Energy supply and increased energy prices
08 March 2017
Ms Ryan (Euroa) — (12 391) The adjournment matter I raise this evening is for the Minister for Energy, Environment and Climate Change, and the action I seek is for the minister to act urgently to secure an affordable baseload power supply. Businesses — both small and large employers from across my electorate — are contacting me with their concerns about drastic increases in energy prices. And make absolutely no mistake: these increases are the direct result of the closure of Hazelwood power station. The writing was on the wall when Labor came to government. We now have the energy minister on the record numerous times saying that we should close Hazelwood. Then of course in last year's budget we saw Labor triple taxes on brown coal generators in the Latrobe Valley to the tune of $240 million. The government's failure to fight for investment in Hazelwood is an absolute disgrace, and the impacts of it are being felt not just in the Latrobe Valley where hundreds and hundreds of people are about to lose their jobs. That fallout is being felt right across the state by individuals, small businesses and larger manufacturers.
This is going to have a catastrophic impact on employment across Victoria and in my own electorate of Euroa. As one example, I met recently with D&R Henderson, which is one of the largest employers in Benalla. They are one of the four biggest employers and employ 180 staff in Benalla, which makes up about 14 per cent of employment in the town. They spend more than $20 million each year with suppliers across Victoria. They have seen an increase of $1 million in their electricity contracts this year, which has been directly attributed to the closure of Hazelwood, and they have been told they can expect an increase of a further $760 000 to $1.1 million at the end of this 12-month contract. They now require support from this government to reduce their energy use, but sadly they are not unique.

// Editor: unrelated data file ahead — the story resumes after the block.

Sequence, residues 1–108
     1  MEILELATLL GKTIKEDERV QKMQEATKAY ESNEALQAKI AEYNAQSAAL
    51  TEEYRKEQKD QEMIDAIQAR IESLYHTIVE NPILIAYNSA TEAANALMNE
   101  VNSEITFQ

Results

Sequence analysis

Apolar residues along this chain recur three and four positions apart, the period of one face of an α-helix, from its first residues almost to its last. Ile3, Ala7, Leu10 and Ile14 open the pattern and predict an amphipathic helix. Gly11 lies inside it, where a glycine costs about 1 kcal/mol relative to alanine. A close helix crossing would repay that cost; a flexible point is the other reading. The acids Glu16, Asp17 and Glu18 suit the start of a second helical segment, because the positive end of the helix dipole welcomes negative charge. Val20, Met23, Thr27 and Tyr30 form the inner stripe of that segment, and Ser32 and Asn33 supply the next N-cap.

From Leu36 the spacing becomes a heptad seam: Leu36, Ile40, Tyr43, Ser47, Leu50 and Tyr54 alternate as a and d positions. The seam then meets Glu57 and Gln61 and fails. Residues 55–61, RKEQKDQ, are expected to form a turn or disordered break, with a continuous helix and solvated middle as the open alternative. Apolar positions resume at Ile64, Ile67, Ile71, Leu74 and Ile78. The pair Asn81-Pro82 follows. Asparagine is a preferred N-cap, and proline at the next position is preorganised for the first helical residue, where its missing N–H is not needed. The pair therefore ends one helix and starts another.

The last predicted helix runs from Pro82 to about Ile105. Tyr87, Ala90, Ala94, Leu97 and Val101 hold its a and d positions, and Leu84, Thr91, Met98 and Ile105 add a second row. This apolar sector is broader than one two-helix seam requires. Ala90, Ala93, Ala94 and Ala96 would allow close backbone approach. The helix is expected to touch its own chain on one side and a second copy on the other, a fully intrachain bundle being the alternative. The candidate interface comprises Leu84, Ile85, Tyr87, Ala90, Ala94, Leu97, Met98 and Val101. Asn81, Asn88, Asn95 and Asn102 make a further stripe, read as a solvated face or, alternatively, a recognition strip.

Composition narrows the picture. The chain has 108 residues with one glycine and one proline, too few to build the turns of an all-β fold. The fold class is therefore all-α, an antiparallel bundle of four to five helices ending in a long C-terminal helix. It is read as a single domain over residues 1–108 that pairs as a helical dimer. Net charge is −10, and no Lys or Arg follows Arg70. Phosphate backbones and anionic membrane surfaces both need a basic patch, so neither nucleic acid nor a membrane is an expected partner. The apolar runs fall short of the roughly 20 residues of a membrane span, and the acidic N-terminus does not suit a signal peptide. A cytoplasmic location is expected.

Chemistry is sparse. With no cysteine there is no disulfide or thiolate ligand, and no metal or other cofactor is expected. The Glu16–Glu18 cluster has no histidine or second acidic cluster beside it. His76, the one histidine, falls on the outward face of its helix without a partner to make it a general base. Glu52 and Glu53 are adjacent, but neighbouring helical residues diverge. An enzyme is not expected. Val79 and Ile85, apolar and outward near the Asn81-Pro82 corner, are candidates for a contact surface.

I also have Vic Feeds, a family-owned stockfeed mill in Colbinabbin. They employ eight people in a tiny town, as well as contractors, and the director of their business, Alan Meyer, says they cannot pass those increases on to dairy farmers who are struggling to survive the downturn within their own industry. Alan is now actually considering bringing in diesel generators to offset his electricity costs because he believes it will be more affordable. I would like the minister to explain how on earth that is a better environmental outcome than having an affordable supply of baseload energy. The government needs to get its head out of the sand.